Tearrance Arvelle Chisholm’s remarkable play, Br’er Cotton, is as current as this morning. Powerful and passionate, Br’er Cotton reaches into the past as it reflects the miserable, torn, disaffected present. Ruffrino (excellent Omette Anassi) is a Black teenager consumed by the injustice he sees around him and the never-ending tragedy of Black men of all kinds gunned down or otherwise abused in situations that are questionable at best and criminal at worst. He has been radicalized by what he perceives, and by his incarcerated father. He acts out at school, wears the black beret of a Black Panther, and, when the play begins, intends to cause trouble at school. When his mother, Nadine (Yvonne Huff Lee in a sterling performance), discovers lighter fluid and a hatchet in his backpack, she grounds him, making him stay home.
Br’er Cotton is a generational play that reaches back in time, to show the pride of some cotton pickers in their work and the personal close-knit society that sustains them through slavery and the post-Civil War era. Ruffrino’s elderly grandfather (Christopher Carrington), a cheerful retired man who keeps secrets, espouses a go-along-to get-along attitude that Ruffrino scorns. The boy’s only solace is a violent on-line video game, in which he has made a friend of a girl named Caged_Bird99 (Emmaline Jacott), the only person that he can open up to. She is a poet and fierce fighter in the game. Dane Oliver and Jasmine Wright, an extraordinary pair of thrilling, gymnastic dancers, represent the teens’ online avatars.
Nadine supports her small family as a housecleaner, and strikes up a friendship with one of her clients, a white police officer (Shawn Law). He is a shy, gentle man, unsuited for his occupation, who entered the force almost as a fluke. After some hesitant awkwardness, they form a unique supportive relationship.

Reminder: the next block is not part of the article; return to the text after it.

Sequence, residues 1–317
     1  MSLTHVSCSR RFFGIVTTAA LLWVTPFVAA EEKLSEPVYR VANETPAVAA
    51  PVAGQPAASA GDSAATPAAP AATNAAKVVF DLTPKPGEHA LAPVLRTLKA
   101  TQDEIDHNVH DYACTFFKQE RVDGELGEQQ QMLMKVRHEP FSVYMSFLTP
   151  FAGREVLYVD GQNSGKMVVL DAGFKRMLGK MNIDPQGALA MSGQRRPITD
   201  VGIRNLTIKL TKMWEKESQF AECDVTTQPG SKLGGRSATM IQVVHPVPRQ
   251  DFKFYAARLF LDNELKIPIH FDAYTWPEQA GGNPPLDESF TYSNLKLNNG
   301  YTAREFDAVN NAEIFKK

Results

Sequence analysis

Under the savvy direction of Gregg T. Daniel, Br’er Cotton builds in power throughout the show, surging to a stunning climax without dénoument. The scenic design by David Mauer, with lighting by Wesley Charles Chew and projection design by Yee Eun Nam, makes excellent use of the limited space available at Zephyr Theatre, creating a credible kitchen, a cotton field, a niche for Caged_Bird99’s gaming chair, and a small scrim-shielded spot upstage center in which a field-hand mother (Ms. Lee) cradles her newborn baby and talks poetically of a perfect community. David B. Marling’s sound design is superbly evocative; Wendell C. Carmichael’s costume design supports character and action. Doug Oliphant is the movement and fight choreographer, and Michael Allen Angel created the property scheme.
Chief Justice Roberts claimed that, “our country has changed,” when the Supreme Court gutted the Voting Rights Act, recognized by many as a superficial opinion. Yes, much has changed in the country since Brown versus the Board of Education, but statistics show that the economic progress for Black Americans in general remains agonizingly slow.
Playwright Tearrance Arvelle Chisolm gets the last word: “I would love it if this play was rendered obsolete. If the text and the content of the play would become dated and outmoded as time went along. But it seems that with each day it becomes eerily more poignant. It’s an odd feeling to have the latest American racial tragedy make your play more relevant. However, I think this is the power of new plays; to be able to respond in real time and to use what’s happening in our world to fuel our art with more urgency and a bigger commitment to discussion.”
Lower Depth Theatre Ensemble’s Br’er Cotton, produced by Theatre Planners, runs through October 29 at the Zephyr Theatre, 7456 Melrose Avenue in Los Angeles.